Skip to main content

Confirmation Bias

What is confirmation bias?

Confirmation bias refers to the tendency to look for or interpret information in a way consistent with one's beliefs.


Confirmation bias occurs when people seek, interpret, and remember information confirming their existing ideas. It is often unintentional and results in ignoring information that goes against one's convictions.

Existing beliefs can include expectations in a given situation and predictions about a particular outcome.

Confirmation bias is especially pronounced when information supports an issue perceived as relevant or essential to an individual.

How can you avoid confirmation bias?

Challenge your convictions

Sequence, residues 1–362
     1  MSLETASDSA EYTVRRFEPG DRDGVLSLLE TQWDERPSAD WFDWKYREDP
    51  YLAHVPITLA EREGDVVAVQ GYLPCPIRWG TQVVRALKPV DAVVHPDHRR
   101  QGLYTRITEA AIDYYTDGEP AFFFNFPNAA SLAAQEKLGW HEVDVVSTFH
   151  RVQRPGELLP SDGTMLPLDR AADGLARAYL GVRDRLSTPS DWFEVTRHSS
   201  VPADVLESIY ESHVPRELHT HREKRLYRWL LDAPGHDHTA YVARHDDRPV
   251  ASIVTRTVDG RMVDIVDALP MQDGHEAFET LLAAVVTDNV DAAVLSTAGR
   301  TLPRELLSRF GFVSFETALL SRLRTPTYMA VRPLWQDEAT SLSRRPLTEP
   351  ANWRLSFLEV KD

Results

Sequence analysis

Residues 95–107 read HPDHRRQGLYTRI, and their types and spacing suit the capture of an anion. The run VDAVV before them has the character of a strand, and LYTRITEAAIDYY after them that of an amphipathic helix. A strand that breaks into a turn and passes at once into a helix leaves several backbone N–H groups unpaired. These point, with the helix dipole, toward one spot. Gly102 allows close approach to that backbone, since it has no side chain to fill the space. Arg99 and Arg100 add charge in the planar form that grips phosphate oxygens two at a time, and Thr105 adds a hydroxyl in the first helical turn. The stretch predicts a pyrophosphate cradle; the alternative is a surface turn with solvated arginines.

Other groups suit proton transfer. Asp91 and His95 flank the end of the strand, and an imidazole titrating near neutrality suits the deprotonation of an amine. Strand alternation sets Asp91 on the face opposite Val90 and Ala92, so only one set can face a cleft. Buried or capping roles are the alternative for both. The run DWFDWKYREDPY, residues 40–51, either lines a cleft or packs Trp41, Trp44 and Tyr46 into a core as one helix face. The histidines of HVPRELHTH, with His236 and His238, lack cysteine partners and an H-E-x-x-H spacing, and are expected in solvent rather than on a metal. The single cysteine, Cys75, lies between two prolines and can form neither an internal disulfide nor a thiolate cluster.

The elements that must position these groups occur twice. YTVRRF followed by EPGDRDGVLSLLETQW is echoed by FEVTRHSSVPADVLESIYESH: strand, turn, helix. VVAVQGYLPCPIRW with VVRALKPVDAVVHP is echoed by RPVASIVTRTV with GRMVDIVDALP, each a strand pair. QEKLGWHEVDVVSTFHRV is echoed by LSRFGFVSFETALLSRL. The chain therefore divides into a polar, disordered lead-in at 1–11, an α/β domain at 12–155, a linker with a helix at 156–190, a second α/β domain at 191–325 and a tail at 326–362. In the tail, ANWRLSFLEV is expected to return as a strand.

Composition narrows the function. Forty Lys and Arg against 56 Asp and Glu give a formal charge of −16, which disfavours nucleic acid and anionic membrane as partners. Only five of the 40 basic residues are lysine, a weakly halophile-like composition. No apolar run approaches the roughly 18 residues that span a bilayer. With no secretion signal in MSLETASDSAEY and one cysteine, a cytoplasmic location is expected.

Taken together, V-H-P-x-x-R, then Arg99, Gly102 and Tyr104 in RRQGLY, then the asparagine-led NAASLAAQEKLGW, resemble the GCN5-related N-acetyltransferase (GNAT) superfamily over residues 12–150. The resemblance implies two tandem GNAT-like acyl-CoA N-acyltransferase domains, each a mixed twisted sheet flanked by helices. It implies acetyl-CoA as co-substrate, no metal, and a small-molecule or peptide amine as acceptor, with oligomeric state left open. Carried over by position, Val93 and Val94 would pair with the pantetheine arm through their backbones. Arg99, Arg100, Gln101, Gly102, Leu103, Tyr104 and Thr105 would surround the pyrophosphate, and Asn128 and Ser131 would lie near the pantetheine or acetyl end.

When developing hypotheses for critical questions with your team, you can avoid confirmation bias with popular methods such as "red-team-blue-team" or pre-mortems.

In the "red-team-blue-team" method, you randomly assign people to argue for a particular decision and others to argue against it. In a pre-mortem, you collectively outline a hypothetical in which the conviction you hold was false and led to a wrong decision.

Both methods force you to take the other side of the argument and thus challenge your convictions.

Hold yourself accountable

Use quantifiable KPIs to determine whether you made a good or bad decision. This way, you can hold yourself accountable for adverse outcomes.

But watch out: Your confirmation bias might lead you to measure only KPIs that paint a positive picture of the situation. Be honest with yourself and select only KPIs that matter to the issue at hand.

Further reading

Source Britannica
Thinking fast and slow

Paul Hanke
Post by Paul Hanke
October 26, 2022

buynomic-logo (white)

Hohenzollernring 89-93
50672 Cologne

Sign up for our newsletter

©2024 Buynomics GmbH. All rights reserved.